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[Published: Thursday May 03 2012]

Journalists face increasing harassment in Sudan

Khartoum, 3 May – (ANA) - A raft of new tactics are being used to silence journalists in Sudan in a crackdown by Khartoum’s authorities dating from the start of uprisings in North Africa in January 2011, Amnesty International said in a new briefing released on World Press Freedom Day. “Although attacks against freedom of expression are not new to Sudan, the pattern of harassment and intimidation of critics of the government has intensified since January 2011,”said Erwin van der Borght, Amnesty International’s Africa Director.  “Since May 2011, the Sudanese authorities have shut down 15 newspapers, confiscated more than 40 newspaper editions, arrested eight journalists and banned two from writing, seriously curtailing freedom of expression,” van der Borght said. In the first two months of 2012 alone, the Sudanese authorities suspended three newspapers using laws contained in the 2010 National Security Act, which allow  the National Intelligence and Security Service (NISS) to ban any publication  containing information considered a threat to national security. Amnesty International called on the Sudanese authorities to end the crackdown against journalists and activists and investigate all abuses at the hands of the security services. (ANA)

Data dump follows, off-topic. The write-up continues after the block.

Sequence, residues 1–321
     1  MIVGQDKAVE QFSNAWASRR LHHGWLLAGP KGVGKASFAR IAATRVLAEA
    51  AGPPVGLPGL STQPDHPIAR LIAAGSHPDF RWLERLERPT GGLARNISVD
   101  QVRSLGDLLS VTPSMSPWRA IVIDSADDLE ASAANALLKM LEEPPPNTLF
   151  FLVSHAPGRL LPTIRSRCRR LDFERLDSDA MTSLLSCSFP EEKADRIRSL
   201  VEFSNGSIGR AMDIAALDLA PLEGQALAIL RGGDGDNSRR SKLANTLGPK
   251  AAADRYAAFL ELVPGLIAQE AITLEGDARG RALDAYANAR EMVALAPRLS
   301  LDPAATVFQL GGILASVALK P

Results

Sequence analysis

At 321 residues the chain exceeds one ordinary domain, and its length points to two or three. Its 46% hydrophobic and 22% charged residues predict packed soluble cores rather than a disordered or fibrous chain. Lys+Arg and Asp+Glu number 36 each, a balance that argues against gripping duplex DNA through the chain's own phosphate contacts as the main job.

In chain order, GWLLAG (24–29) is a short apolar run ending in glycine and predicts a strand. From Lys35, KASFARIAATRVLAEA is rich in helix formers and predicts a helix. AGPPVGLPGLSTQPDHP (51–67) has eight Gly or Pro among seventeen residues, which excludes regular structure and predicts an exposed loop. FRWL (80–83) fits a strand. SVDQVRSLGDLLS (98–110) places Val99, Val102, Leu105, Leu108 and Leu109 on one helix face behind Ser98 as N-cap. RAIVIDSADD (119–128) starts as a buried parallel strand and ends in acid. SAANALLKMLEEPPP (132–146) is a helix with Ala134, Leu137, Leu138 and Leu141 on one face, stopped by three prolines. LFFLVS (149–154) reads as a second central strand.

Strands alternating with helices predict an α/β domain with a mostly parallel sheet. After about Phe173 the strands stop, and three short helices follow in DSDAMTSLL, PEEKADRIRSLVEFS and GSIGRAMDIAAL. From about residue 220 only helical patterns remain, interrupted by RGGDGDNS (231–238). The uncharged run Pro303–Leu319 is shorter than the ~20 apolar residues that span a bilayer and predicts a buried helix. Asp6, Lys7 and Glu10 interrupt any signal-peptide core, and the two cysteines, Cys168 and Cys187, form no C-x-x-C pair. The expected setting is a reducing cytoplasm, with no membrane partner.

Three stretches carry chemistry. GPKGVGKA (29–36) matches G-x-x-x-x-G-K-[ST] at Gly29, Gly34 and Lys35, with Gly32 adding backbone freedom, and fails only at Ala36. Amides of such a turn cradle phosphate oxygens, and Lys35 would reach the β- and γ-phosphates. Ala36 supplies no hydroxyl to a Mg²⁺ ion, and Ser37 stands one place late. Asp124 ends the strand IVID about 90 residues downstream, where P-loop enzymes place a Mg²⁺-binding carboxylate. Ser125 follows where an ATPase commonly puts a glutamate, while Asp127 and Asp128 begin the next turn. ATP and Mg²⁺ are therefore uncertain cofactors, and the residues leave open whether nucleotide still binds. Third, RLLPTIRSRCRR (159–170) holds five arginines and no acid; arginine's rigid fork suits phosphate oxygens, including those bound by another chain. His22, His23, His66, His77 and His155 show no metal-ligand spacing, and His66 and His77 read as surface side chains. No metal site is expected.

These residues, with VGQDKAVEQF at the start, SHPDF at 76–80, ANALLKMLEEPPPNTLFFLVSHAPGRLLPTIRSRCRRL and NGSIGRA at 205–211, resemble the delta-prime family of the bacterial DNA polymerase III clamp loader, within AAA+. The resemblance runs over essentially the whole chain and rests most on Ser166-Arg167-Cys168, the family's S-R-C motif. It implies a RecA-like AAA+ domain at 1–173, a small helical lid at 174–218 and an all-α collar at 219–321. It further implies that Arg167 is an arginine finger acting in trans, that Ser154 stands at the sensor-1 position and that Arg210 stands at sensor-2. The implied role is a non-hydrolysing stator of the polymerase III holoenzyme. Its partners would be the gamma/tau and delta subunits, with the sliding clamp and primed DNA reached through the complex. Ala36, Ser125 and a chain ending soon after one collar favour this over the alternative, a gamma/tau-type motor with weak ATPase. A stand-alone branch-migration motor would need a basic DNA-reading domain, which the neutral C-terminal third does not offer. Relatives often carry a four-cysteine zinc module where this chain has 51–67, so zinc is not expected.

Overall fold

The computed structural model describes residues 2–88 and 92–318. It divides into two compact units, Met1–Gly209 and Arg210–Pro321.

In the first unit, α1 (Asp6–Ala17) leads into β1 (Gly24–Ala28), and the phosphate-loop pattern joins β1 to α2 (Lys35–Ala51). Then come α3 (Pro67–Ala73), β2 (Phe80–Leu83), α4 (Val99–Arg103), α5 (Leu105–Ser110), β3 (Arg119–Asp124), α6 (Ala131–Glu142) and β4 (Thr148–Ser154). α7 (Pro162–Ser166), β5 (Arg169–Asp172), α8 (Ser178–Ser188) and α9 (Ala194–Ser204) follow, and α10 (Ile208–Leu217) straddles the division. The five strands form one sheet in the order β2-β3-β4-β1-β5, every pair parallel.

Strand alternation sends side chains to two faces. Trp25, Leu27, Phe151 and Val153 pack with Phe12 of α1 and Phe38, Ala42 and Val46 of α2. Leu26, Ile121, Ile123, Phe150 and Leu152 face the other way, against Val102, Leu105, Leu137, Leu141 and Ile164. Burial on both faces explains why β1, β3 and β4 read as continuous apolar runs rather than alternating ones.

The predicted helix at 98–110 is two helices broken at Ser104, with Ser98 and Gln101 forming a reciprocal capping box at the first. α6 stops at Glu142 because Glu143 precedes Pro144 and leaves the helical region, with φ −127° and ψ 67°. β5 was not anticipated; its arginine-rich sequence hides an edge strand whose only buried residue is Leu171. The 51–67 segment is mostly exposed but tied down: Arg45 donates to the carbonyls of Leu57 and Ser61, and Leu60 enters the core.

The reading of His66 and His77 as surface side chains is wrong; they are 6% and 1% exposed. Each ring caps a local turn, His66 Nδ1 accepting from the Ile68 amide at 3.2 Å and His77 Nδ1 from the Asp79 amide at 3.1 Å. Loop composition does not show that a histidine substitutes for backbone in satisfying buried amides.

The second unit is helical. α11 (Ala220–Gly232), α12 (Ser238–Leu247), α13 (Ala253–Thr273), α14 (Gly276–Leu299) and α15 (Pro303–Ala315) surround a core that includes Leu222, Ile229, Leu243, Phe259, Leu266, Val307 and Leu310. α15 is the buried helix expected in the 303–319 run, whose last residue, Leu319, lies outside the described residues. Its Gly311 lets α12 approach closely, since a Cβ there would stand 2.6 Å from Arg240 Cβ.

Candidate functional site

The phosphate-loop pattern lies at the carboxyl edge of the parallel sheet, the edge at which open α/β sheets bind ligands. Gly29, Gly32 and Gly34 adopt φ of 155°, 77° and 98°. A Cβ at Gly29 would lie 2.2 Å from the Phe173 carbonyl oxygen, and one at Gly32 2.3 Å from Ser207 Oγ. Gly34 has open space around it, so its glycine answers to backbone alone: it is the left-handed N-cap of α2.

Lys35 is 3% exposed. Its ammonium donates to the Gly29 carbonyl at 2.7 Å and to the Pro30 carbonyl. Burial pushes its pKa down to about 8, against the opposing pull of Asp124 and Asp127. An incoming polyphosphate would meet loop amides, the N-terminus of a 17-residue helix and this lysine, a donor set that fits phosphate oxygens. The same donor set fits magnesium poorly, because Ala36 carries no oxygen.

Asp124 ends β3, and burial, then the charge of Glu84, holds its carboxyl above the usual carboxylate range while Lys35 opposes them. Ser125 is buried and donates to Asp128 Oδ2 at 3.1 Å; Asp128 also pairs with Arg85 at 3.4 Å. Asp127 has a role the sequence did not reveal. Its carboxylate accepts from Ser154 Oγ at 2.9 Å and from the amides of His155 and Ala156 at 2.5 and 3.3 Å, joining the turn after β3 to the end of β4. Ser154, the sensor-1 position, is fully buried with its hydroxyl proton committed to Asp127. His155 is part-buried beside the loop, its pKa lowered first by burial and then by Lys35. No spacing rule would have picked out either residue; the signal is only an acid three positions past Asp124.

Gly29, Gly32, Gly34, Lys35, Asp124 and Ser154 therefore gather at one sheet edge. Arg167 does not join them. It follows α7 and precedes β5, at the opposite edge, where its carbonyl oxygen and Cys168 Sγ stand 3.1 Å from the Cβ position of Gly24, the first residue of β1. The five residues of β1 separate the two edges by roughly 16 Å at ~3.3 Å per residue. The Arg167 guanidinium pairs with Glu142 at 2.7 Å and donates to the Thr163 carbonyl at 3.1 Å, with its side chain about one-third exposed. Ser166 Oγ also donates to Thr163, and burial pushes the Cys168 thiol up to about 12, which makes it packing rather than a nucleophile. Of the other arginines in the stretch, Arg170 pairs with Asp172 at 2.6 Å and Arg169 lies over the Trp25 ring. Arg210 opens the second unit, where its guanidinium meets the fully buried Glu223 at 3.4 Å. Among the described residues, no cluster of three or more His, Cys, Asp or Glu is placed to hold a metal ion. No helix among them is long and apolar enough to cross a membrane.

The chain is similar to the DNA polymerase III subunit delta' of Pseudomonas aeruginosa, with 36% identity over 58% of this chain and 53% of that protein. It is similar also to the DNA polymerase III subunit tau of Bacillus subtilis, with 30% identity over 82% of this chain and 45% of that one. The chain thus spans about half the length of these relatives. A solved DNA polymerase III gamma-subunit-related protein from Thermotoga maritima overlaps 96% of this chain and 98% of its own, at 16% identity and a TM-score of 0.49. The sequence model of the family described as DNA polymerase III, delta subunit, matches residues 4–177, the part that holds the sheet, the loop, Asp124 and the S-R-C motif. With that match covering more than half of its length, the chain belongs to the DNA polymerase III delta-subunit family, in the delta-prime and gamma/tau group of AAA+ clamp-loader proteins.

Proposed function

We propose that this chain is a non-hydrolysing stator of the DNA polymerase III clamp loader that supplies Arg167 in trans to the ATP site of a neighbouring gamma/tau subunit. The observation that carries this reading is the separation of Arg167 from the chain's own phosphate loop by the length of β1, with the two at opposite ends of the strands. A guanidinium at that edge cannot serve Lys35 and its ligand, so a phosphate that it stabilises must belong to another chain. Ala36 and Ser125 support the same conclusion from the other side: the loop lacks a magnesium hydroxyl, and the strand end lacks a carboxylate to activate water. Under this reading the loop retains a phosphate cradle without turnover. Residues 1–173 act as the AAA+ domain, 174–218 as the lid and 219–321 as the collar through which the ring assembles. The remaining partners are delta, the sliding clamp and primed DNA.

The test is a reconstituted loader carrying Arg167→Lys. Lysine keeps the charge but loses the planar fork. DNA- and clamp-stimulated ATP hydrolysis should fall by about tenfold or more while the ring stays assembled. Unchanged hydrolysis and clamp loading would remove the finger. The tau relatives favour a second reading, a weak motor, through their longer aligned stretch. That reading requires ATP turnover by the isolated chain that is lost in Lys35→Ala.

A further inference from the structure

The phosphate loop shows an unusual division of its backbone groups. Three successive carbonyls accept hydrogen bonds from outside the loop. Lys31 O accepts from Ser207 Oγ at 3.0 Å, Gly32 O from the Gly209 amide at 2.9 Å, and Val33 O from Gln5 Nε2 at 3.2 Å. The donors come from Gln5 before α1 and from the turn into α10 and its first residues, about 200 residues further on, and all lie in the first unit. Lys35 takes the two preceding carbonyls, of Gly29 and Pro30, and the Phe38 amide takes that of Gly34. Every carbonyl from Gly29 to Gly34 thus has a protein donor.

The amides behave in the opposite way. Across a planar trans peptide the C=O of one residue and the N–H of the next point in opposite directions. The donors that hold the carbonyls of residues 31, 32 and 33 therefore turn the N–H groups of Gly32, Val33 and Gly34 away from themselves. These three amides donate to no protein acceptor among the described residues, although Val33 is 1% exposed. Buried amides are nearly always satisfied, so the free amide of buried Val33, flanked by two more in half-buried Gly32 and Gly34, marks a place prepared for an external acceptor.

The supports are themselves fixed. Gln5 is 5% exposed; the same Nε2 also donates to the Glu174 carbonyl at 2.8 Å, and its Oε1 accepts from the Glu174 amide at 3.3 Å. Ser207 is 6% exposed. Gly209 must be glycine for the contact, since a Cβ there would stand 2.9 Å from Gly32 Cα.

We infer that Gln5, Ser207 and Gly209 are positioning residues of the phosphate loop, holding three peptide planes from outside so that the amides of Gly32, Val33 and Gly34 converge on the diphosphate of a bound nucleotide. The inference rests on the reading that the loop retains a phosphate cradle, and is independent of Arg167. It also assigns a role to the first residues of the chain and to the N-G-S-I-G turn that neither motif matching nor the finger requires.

FA/ANA/3 May 2012-----------


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